Scientists have found a way to track and study Chinook salmon from Alaska’s Bristol Bay region due to a chemical signature recorded on their ear bones.
By using atom tracking isotopes and examining so called “growth rings” within the ear bones, researchers are able to collect answers to questions such as where the endangered Chinook salmon are born and how they spend their first year of life.
This in turn will provide experts with the needed data to recreate the environment and protect the species from going extinct.
The discovery was made by researchers at the University of American state Fairbanks, who looked at specimens captured from Alaska’s Bristol Bay region way back in 2011 and noticed a chemical signature on the Chinook salmon’s ear bones (also knows as “otolith”).
The researchers found that the otolith grows layers all throughout a fish’s life and that these growth rings persist throughout a fish’s life as well. They store valuable information, informing scientists where a specimen has lived by comparing the chemical signatures of its otolith to those of the water in which it swims, or used to swim in.
The chemical signatures itself originates from isotopes of strontium, commonly found in bedrock. When rushing water bursts through the rocks, strontium is dissolved and released into the water. It then gets picked up by the Chinook salmon and its ions are deposited onto the otolith. When a fish is caught, scientists can compared its signature to a river system that has been mapped extensively for its strontium isotope variation.
The signatures do not disappear overtime, or when the fish moves into new waters, but rather pile on top of each other in neat, clean layers.
Sean Brennan, lead author and postdoctoral researcher at the University of Washington’s School of Aquatic and Fishery Sciences, gave an excited statement saying that “Each fish has this little recorder, and we can reveal the whole life history of the fish from the perspective of the otolith. Each growth ring is a direct reflection of the environment the fish was swimming in at the time it was formed”.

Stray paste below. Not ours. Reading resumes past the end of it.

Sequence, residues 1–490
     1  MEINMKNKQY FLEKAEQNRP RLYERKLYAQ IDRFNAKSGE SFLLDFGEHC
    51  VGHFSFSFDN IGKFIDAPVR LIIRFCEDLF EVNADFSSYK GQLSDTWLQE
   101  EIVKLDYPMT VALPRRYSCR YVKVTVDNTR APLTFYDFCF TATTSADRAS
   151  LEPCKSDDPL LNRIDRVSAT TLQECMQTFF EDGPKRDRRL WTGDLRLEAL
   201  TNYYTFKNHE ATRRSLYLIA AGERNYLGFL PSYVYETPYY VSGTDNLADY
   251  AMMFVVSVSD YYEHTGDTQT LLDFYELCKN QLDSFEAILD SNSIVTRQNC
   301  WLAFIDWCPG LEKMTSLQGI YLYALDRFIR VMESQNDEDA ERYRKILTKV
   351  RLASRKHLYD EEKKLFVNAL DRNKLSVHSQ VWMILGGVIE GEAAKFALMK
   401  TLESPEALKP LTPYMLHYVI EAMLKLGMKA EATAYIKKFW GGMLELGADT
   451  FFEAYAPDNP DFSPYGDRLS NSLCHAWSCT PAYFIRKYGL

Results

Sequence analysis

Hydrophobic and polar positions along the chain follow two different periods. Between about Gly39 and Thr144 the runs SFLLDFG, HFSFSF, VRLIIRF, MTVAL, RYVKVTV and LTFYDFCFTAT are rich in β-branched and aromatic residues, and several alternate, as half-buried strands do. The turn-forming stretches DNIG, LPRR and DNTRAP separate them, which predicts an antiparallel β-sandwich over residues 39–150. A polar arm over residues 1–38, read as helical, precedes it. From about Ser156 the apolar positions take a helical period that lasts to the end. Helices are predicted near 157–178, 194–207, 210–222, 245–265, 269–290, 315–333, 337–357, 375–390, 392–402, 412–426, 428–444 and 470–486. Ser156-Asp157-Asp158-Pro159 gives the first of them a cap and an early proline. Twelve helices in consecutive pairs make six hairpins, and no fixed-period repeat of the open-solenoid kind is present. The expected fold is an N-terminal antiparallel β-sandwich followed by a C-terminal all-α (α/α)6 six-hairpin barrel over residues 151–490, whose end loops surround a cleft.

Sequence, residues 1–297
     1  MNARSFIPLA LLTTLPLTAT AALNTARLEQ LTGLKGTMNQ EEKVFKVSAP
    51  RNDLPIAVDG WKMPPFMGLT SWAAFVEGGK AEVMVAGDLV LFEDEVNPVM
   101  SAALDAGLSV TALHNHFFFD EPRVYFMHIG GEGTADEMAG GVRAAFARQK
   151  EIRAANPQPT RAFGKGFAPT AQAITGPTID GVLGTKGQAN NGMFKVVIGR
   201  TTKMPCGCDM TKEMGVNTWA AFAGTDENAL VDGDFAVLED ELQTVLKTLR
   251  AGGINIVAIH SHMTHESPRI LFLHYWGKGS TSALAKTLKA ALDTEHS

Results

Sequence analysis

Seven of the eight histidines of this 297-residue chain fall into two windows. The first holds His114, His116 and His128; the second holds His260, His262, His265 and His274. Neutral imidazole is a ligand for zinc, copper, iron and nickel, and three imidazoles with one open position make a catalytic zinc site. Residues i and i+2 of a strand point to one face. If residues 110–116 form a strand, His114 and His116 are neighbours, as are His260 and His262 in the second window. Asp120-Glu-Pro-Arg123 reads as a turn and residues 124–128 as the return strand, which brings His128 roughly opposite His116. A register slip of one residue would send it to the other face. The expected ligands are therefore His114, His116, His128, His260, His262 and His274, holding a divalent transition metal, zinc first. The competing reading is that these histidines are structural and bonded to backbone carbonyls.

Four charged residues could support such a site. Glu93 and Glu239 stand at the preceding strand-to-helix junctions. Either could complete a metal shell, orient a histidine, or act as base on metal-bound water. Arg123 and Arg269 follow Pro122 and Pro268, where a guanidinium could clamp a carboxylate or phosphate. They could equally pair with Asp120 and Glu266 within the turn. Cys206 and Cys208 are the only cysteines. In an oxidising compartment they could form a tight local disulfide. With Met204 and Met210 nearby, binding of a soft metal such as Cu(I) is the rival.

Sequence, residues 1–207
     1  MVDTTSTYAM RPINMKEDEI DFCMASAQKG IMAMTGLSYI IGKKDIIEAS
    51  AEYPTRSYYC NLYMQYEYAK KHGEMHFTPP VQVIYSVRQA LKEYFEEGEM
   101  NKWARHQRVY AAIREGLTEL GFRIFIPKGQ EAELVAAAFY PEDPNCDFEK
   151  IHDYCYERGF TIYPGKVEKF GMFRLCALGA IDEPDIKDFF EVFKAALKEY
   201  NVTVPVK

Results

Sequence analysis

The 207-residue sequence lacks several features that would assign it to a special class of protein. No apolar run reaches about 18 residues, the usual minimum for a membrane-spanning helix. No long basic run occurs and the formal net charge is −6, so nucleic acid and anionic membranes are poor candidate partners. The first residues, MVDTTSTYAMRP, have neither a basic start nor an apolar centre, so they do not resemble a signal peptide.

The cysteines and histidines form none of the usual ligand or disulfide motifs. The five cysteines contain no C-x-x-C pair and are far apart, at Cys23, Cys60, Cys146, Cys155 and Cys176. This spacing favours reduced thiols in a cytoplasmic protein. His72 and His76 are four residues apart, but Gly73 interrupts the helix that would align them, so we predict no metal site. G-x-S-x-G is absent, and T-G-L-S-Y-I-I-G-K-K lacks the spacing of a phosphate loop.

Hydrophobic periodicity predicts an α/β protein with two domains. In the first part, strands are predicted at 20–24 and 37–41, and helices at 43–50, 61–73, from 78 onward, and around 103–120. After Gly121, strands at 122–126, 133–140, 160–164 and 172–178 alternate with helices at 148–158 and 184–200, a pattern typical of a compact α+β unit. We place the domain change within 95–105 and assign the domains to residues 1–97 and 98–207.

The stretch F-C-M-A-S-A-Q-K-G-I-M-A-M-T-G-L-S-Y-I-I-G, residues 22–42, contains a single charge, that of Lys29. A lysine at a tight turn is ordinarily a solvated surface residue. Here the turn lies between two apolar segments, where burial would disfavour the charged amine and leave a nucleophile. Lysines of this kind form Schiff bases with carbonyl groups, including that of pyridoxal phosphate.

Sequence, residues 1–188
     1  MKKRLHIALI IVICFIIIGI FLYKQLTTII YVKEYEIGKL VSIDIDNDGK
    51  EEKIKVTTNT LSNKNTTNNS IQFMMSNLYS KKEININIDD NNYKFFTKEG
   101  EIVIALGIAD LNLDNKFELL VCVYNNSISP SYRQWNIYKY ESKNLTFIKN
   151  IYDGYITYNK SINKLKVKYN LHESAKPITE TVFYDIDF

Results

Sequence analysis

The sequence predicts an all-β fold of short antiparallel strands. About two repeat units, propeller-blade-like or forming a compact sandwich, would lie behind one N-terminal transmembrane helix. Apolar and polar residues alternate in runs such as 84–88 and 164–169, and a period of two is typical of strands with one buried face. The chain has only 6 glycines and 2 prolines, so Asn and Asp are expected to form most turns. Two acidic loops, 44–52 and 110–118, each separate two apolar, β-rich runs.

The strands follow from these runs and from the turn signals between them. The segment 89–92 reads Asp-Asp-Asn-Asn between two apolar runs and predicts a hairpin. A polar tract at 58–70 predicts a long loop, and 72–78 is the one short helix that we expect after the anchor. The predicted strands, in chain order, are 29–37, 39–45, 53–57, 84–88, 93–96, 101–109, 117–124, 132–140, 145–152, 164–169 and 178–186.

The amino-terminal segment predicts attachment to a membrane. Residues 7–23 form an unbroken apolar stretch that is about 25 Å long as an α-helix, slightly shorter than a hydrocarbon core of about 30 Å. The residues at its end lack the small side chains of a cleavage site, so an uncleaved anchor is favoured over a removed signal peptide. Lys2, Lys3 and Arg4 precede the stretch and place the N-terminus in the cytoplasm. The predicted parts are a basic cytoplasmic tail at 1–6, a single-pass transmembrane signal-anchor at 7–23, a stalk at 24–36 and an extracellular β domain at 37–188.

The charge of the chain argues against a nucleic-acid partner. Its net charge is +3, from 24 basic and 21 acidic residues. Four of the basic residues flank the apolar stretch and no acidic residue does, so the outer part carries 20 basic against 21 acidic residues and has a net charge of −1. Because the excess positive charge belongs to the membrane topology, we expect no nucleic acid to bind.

The information is so precise that scientists were even able to determine a set of streams where the fish hatched and grew before migrating downstream into the ocean. The Chinook salmon that scientists examined for the study had been born in the Nushagak watershed and stayed there for about a year before migrating downstream into the ocean.
Co-author Matthew Wooller, director of the Alaska Stable Isotope Facility at University of Alaska Fairbanks, explained that this particular element and its isotopes are very strongly related to geography and it serves as a really good marker for where these animals have been and whether they move around in their environment.
The data collected from the otolith is believed to be crucial in understanding the declining in the Chinook salmon’s population (due to climate change, industrial development and overfishing), what kind on environment is favorable to their survival and reproduction, and what kind on environment is harmful to them.
Roughly 200.000 Chinook salmon migrate every summer from the ocean into the Nushagak River’s upper tributaries and streams to spawn. When their eggs hatch in the spring, young Chinook salmons spend the first year of their life in the river, feeding and growing. It’s after that that they migrate to the Bering Sea and the Pacific Ocean.
Christian Zimmerman, an ecologist at the U.S. Geological Survey and the co-author of the study, believes that mapping salmon productivity and determining how freshwater habitats influence the ultimate number of salmon is science responding to a societal issue and need.
Alaska’s Bristol Bay region is one of the last remaining ones in the world where wild salmon can be found running free.
Image Source: fishandgame.org.nz